LONDON (Reuters) - A man with a conviction for murder pleaded guilty to trespass on Friday (May 20) after scaling a perimeter wall of Queen Elizabeth's Buckingham Palace and then asking if the monarch was at home, the BBC reported.
Dennis Hennessy, 41, climbed over the wall surrounding the Queen's home in central London on Wednesday night and walked for about 10 minutes around the grounds of the palace where 90-year-old Elizabeth and her husband Prince Philip were staying.
Hennessy, who cut his hand scaling the wall, was arrested about 10 minutes later after an alarm was activated. Prosecutor Tom Nicholson said when detained by officers he repeatedly asked them "Is Ma'am in", the BBC reported.
In an interview with the police, he said he had walked through the garden to enjoy the view.
Hennessy, who was convicted of murdering a homeless man in 1992, admitted one count of trespass on a protected site and one count of criminal damage and was jailed for four months, the BBC said.
The incident occurred hours after the Queen had returned to the palace having earlier carried out the State Opening of Parliament.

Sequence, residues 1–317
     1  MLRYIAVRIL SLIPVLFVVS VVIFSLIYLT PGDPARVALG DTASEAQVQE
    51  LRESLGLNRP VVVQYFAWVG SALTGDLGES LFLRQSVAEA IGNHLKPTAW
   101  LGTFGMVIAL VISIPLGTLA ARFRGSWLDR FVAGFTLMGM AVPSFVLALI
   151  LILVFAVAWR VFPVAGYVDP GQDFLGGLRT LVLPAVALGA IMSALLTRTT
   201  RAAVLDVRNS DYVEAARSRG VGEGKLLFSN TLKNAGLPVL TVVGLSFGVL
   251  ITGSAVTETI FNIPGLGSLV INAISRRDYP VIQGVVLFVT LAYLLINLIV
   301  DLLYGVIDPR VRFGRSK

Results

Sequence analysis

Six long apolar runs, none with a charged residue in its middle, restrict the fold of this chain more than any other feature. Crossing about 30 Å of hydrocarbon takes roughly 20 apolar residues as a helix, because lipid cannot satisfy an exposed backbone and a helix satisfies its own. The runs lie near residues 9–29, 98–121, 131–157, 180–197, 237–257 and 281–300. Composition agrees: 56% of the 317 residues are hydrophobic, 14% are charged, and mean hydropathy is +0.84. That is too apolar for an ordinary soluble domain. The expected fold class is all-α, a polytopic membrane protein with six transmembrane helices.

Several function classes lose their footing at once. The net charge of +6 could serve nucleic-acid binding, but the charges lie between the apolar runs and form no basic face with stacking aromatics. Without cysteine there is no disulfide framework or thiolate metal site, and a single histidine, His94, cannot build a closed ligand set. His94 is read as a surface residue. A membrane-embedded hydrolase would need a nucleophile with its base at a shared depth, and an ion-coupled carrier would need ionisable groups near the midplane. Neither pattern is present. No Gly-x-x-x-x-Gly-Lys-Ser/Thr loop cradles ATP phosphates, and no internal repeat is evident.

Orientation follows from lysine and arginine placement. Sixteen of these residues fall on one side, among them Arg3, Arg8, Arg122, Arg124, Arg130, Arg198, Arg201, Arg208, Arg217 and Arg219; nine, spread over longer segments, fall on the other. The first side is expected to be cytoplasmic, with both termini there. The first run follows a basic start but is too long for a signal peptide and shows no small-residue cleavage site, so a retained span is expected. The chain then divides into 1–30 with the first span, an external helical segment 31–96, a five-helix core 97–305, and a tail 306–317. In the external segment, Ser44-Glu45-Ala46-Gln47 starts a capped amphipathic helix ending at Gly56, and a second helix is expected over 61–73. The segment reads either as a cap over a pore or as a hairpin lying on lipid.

The police said he had been arrested in the grounds of the palace on Wednesday night seven minutes after an alarm was activated.
"I am content that our security measures worked effectively on this occasion and at no time was any individual at risk," Commander Adrian Usher, head of London police's Royalty and Specialist Protection unit, said.
A spokesman for the Queen said they did not comment on security issues.
There have been a number of security breaches at the palace over the years. In October 2013, a man armed with a knife tried to enter the palace through one of its gates and was later jailed for 16 months.
That took place just a month after two men were arrested following a break-in at the palace in one of the most serious security breaches there for about 30 years.
One of the biggest security breaches at Buckingham Palace happened in 1982, when an intruder, Michael Fagan, climbed a wall and wandered into a room where the Queen was in bed.